Tuesday, June 16, 2020

The False Narrative: The Man Who Loved Custer


     Six months after the battle of the Little Bighorn (June 25, 1876), Frederick Whittaker’s A Complete Life of General George A. Custer was published.  Whittaker’s book was a canonization which presented Custer as a dashing and brilliant military leader abandoned to his fate by lesser, disloyal, treacherous, and cowardly men.  Whittaker borrowed generously from Custer’s own book My Life on the Plains, as well as on his own imagination, which was fulsome, since Whittaker was a professional writer of nickel and dime novel fiction for a leading publisher.

     Whittaker opens, “Much of Custer success has been attributed to good fortune, while it was really the result of a wonderful capacity for hard, energetic work, and a rapidity of intuition which is seldom found apart from military genius of the highest order,” and continues.  “Few men had more enemies than Custer, and no man deserved them less. The world has never known half the real nobility of his life nor a tithe of the difficulties under which he struggled. It will be the author’s endeavor to remedy this want of knowledge, to paint in sober earnest colors the truthful portrait of such a knight of romance as has not honored the world with his presence since the days of Bayard.”

     Whittaker writes, “…Custer’s invariable method of attack was the same which he adopted at the Big Horn, an attack on front and flank…from all sides if he had time to execute it….He counted much on the moral effect to be produced on an enemy by combined attacks and a cross-fire, and always found his calculations correct.  In fact only one thing could vitiate them.  This was the cowardice or disobedience in the leader of any of the fractions which were to work simultaneously….” According to Whittaker, Custer died because of Major Reno’s incapacity and Captain Benteen’s disobedience.  “Reno was ordered to ‘charge’: he obeyed by opening a hesitating skirmish and then running away.  Benteen was ordered to ‘come on; be quick.’  He obeyed by advancing three miles in two hours, and joining Reno in a three hour halt….he stopped, and let his chief perish.”

     Whittaker now turns to the testimony of one of the Indian scouts, Curly, who claimed to have escaped from the field of battle.  When Curly saw that the party with Custer was about to be overwhelmed, he begged Custer to let him show him a way to escape.  “…Custer looked at Curly, waved him away and rode back to the little group of men, to die with them.”  Why, Whittaker asks, did Custer go back to certain death?  “Because he felt that such a death as that which that little band of heroes was about to die, was worth the lives of all the general officers in the world….He weighed, in that brief moment of reflection, all the consequences to America of the lesson of life and the lesson of heroic death, and he chose death.”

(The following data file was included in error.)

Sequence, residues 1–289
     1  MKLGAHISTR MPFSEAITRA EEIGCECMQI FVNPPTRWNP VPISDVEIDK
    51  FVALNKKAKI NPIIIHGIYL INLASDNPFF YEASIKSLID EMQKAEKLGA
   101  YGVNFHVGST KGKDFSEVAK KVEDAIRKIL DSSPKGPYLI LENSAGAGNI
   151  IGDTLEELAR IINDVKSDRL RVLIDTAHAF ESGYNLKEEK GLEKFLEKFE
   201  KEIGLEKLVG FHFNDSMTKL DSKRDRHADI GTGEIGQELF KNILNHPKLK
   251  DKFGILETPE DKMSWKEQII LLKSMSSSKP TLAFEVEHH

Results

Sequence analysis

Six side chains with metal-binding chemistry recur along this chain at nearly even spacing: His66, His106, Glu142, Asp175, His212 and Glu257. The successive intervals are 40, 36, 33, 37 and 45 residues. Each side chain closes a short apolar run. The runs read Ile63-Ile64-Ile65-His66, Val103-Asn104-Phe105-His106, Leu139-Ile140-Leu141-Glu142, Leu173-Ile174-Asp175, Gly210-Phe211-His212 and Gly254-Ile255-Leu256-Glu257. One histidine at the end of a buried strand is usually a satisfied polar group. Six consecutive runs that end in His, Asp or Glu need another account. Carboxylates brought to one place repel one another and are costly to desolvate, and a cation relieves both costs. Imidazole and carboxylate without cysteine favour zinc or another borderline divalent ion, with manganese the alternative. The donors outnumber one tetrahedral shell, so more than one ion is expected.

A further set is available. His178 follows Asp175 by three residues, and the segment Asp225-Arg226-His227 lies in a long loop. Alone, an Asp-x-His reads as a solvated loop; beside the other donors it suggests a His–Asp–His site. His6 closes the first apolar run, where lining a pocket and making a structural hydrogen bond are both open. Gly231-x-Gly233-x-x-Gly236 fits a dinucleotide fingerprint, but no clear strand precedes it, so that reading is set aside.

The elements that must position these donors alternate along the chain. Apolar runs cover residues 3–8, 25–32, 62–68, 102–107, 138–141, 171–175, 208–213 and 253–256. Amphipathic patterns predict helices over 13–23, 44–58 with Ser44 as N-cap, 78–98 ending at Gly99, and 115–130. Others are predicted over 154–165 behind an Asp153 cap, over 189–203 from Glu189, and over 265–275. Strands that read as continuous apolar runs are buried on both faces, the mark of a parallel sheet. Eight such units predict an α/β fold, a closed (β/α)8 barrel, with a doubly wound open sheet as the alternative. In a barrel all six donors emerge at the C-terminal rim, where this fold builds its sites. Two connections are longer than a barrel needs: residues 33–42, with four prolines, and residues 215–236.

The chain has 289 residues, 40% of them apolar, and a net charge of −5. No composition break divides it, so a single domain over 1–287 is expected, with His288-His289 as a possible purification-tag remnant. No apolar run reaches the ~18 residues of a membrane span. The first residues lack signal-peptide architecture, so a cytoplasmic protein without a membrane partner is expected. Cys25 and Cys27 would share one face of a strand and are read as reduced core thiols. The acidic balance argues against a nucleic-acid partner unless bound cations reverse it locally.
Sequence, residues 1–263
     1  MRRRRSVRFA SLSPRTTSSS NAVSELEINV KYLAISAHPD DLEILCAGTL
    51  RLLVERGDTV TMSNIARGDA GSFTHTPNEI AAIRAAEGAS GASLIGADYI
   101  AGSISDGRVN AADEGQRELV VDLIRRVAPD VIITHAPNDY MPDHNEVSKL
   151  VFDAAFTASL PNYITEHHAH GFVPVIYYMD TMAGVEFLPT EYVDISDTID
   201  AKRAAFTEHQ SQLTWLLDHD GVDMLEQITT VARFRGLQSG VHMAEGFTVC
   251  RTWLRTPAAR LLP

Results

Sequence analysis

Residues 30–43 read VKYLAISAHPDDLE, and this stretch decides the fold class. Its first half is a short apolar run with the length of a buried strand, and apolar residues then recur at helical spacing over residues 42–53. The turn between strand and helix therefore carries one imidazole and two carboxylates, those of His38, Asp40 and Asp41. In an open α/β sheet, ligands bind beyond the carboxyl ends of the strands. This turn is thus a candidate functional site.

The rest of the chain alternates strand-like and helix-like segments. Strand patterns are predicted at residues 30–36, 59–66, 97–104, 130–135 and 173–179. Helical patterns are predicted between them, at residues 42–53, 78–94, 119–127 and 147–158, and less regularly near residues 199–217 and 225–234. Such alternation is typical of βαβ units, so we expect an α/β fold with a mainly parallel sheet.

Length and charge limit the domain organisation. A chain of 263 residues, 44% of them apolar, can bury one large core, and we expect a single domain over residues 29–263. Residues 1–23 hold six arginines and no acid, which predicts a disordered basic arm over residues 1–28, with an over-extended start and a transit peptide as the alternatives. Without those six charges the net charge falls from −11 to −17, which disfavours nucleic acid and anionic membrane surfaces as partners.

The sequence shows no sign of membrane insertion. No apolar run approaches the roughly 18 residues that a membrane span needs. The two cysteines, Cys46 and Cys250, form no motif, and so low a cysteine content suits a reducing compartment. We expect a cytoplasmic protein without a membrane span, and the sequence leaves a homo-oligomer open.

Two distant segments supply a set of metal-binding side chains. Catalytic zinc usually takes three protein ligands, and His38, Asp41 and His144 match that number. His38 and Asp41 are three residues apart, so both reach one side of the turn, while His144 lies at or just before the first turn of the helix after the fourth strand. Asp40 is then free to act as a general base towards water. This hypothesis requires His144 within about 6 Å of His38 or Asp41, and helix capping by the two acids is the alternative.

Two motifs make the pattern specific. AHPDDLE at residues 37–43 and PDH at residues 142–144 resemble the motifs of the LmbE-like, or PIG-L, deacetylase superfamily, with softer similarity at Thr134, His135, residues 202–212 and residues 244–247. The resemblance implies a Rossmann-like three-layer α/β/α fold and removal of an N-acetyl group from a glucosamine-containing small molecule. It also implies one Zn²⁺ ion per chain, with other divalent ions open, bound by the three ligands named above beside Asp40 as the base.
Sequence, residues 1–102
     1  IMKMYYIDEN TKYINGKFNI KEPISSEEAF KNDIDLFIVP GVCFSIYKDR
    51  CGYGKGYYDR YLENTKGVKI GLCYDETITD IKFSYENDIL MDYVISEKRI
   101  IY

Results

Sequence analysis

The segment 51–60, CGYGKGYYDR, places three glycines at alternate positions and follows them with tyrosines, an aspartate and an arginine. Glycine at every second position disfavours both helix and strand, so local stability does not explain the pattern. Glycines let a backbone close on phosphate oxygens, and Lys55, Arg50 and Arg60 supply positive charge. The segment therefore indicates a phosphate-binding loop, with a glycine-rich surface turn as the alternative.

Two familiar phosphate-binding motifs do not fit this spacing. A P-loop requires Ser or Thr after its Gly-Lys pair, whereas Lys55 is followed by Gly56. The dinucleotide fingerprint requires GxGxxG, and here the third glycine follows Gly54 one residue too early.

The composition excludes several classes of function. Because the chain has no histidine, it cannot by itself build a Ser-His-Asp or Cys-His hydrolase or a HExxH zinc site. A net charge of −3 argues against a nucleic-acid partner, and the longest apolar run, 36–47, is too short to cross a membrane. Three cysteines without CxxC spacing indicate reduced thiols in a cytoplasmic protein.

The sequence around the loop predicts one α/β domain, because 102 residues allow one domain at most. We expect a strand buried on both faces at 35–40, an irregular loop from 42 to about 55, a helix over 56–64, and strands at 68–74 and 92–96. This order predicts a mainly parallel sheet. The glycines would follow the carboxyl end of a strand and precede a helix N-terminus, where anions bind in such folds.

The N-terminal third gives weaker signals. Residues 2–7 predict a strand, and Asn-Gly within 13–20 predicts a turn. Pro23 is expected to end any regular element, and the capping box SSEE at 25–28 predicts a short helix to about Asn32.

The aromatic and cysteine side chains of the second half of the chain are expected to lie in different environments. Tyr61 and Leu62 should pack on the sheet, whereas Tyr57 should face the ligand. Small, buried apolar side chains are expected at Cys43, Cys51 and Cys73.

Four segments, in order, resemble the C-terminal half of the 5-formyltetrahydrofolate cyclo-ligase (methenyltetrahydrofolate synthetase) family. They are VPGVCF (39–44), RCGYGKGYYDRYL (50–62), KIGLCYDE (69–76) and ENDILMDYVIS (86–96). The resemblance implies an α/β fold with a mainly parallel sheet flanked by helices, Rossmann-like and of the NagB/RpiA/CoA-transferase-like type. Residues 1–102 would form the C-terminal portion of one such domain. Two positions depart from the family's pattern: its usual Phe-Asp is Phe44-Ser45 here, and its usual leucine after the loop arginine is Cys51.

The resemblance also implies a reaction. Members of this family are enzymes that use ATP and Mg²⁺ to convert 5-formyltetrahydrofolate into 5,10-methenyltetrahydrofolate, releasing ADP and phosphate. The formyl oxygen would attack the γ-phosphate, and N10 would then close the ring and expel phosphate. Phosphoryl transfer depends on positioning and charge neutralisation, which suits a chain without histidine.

Whittaker’s biography of Custer molded the public’s perception of George Armstrong Custer for over fifty years, because it was endorsed and defended by Custer’s widow and her powerful friends and allies.  Elizabeth Custer was widowed at the age of thirty-four and spent the next fifty- seven years, until her death in 1933, glorifying and defending her husband’s reputation.  Only after her death did historians begin seriously re-examining the Custer legend.

Sun Tzu, the Master of War, once said, “Those who are skilled in producing surprises will win. In conflict, surprise will lead to victory. ” Here are four stories about the history of the world IF wars we know about happened differently or IF wars that never happened actually took place.

1.The Hostage, in which Abraham Lincoln is kidnapped by the rebels.
2.The German Invasion of America of 1889, in which Germany unexpectedly launches its might against the United States.
3.The Invasion of Canada 1933, in which the new American dictator launches a sneak attack on Canada.
4.Cherry Blossoms at Night: Japan Attacks the American Homeland (1942), in which Japan attacks the American homeland in a very surprising way.

Since his death along the bluffs overlooking the Little Bighorn River, in Montana, on June 25, 1876, over five hundred books have been written about the life and career of George Armstrong Custer. Views of Custer have changed over succeeding generations. Custer has been portrayed as a callous egotist, a bungling egomaniac, a genocidal war criminal, and the puppet of faceless forces. For almost one hundred and fifty years, Custer has been a Rorschach test of American social and personal values. Whatever else George Armstrong Custer may or may not have been, even in the twenty-first century, he remains the great lightning rod of American history. This book presents portraits of Custer and the Battle of the Little Bighorn as they have appeared in print over successive decades and in the process demonstrates the evolution of American values and priorities.

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